Broadband companies make closing arguments against net neutrality
As the period for filing public comments on the Federal Communications Commission’s (FCC) plans to roll back net neutrality regulations comes to a close, telecommunications companies are submitting their final arguments.
On Monday, the last day to submit comments, firms such as Comcast, AT&T and trade associations representing the telecommunications industry filed statements in support of FCC Chairman Ajit Pai’s “Restoring Internet Freedom” proposal to scrap the net neutrality rules the agency approved in 2015.
“The Commission should avoid subjecting the broadband industry to onerous utility-style regulation under Title II of the Communications Act of 1934, as amended (the ‘Act’),” Comcast wrote in the opening of the 161-page comment it filed to the FCC on Monday.
“Such regulation is entirely unnecessary and imposes substantial costs that undermine investment and innovation in the broadband ecosystem and undercut efforts to bridge the digital divide in this country,” the company continued, reciting the industries’ primary arguments against net neutrality.
In a statement, AT&T echoed Comcast’s sentiment and also said that it does support an open internet, just not one enforced by FCC regulations.
“AT&T has supported an open internet as well as baseline requirements to ensure an open internet is protected without the regulatory baggage that comes with Title II,” a spokesperson said in an emailed statement about its filing. “We continue to support such requirements, and we continue to oppose Title II as an unprecedented regulatory overreach for which there was no economic or marketplace justification.”
Companies have argued that the FCC’s regulations are too strict because of the Title II provision, which grants the agency regulatory oversight of broadband companies. Instead, they would like to see regulatory powers returned to the Federal Trade Commission (FTC).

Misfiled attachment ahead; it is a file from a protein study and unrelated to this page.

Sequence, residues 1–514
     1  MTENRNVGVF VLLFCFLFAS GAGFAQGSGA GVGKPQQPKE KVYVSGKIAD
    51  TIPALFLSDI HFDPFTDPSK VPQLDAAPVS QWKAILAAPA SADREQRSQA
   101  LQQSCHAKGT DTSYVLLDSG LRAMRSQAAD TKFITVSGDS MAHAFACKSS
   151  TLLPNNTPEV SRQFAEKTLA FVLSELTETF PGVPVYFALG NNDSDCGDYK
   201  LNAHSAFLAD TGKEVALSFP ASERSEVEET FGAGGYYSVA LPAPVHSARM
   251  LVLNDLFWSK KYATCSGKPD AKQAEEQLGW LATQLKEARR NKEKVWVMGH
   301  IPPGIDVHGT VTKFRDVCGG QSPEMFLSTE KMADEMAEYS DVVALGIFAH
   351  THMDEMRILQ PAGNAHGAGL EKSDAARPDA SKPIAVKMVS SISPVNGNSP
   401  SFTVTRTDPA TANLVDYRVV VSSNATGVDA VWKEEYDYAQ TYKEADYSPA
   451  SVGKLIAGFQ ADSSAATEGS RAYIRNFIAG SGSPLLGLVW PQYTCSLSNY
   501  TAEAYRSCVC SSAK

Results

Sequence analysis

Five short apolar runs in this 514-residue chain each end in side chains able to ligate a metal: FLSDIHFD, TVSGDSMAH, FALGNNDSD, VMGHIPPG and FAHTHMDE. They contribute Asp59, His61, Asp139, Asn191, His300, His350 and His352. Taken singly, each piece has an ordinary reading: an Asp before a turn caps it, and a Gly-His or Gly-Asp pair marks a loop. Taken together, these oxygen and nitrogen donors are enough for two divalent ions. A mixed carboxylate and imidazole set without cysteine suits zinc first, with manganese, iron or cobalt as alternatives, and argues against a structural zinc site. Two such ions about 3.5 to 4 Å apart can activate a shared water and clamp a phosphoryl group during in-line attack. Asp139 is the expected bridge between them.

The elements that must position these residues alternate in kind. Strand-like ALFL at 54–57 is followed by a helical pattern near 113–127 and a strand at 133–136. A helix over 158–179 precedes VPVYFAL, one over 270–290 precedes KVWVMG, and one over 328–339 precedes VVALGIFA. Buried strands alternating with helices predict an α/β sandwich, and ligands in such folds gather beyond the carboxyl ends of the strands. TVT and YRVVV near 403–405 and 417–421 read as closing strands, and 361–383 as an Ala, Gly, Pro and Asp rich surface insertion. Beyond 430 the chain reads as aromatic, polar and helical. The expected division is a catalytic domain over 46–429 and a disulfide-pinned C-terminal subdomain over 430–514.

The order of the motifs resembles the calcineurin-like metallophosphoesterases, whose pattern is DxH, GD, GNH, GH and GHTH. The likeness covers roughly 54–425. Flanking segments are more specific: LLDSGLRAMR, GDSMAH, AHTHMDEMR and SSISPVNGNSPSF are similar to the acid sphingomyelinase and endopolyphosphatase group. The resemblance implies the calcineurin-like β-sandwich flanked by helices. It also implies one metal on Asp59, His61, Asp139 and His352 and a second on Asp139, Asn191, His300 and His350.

The telecommunications industry’s critics argue, however, that the FTC is too weak to properly police broadband companies. They say that such companies should be regulated more tightly in the manner of a public utility.
In their comments, telecommunications companies reiterated their claim that they don’t do the things net neutrality rules were designed to protect against — blocking or slowing down certain types of content and websites — and that public utility style regulations aren’t necessary.
“We do not block, throttle, or otherwise interfere with the online activity of our customers, and we are transparent with our customers regarding the performance of our service,” Charter, a broadband provider, wrote in its net neutrality comment to the FCC.
“Moreover, we have adopted these policies voluntarily, as part of our business objective of providing a superior broadband experience to our customers,” it continued.
Telecommunications trade groups like US Telecom and the Telecommunications Industry Association, which represent most of the industry, filed comments with similar arguments.
Telecom is not, however, in total agreement on the issue.
Incompas, a trade association that represents small, emerging internet providers as well as fiber companies and major internet companies such as Facebook and Twitter, argued against Pai’s proposal to scrap net neutrality regulations in its comment to the FCC.
“This proposal turns its back on the historical role of the Commission to protect the public’s ability to connect without permission. “Yet, it is not an unfamiliar paradigm, because at bottom it is a proposal that will lead to an Internet that more closely resembles cable television,” Incompas warned.
The trade association went on to describe cable as more rigid and less in line with consumer desire to “engage content on their terms — when and where they want — rather than by cable television programming executives.”
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